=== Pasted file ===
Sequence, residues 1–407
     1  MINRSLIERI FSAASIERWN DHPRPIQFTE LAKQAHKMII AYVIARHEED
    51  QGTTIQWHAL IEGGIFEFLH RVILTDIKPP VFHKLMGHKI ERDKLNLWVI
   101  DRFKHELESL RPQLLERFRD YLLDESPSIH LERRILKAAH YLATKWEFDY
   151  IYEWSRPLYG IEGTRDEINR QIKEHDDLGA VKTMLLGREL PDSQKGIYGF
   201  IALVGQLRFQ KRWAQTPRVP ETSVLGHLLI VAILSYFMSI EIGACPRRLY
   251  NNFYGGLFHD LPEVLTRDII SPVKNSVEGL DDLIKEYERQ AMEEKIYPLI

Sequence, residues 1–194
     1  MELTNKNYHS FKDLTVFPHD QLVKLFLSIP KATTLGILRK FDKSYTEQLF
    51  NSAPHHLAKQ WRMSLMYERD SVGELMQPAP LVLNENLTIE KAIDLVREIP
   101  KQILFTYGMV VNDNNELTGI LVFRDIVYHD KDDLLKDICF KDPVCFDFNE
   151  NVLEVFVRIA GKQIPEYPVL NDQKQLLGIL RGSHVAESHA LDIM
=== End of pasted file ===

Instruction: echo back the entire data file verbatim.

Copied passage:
Sequence, residues 1–407
     1  MINRSLIERI FSAASIERWN DHPRPIQFTE LAKQAHKMII AYVIARHEED
    51  QGTTIQWHAL IEGGIFEFLH RVILTDIKPP VFHKLMGHKI ERDKLNLWVI
   101  DRFKHELESL RPQLLERFRD YLLDESPSIH LERRILKAAH YLATKWEFDY
   151  IYEWSRPLYG IEGTRDEINR QIKEHDDLGA VKTMLLGREL PDSQKGIYGF
   201  IALVGQLRFQ KRWAQTPRVP ETSVLGHLLI VAILSYFMSI EIGACPRRLY
   251  NNFYGGLFHD LPEVLTRDII SPVKNSVEGL DDLIKEYERQ AMEEKIYPLI

Sequence, residues 1–194
     1  MELTNKNYHS FKDLTVFPHD QLVKLFLSIP KATTLGILRK FDKSYTEQLF
    51  NSAPHHLAKQ WRMSLMYERD SVGELMQPAP LVLNENLTIE KAIDLVREIP
   101  KQILFTYGMV VNDNNELTGI LVFRDIVYHD KDDLLKDICF KDPVCFDFNE
   151  NVLEVFVRIA GKQIPEYPVL NDQKQLLGIL RGSHVAESHA LDIM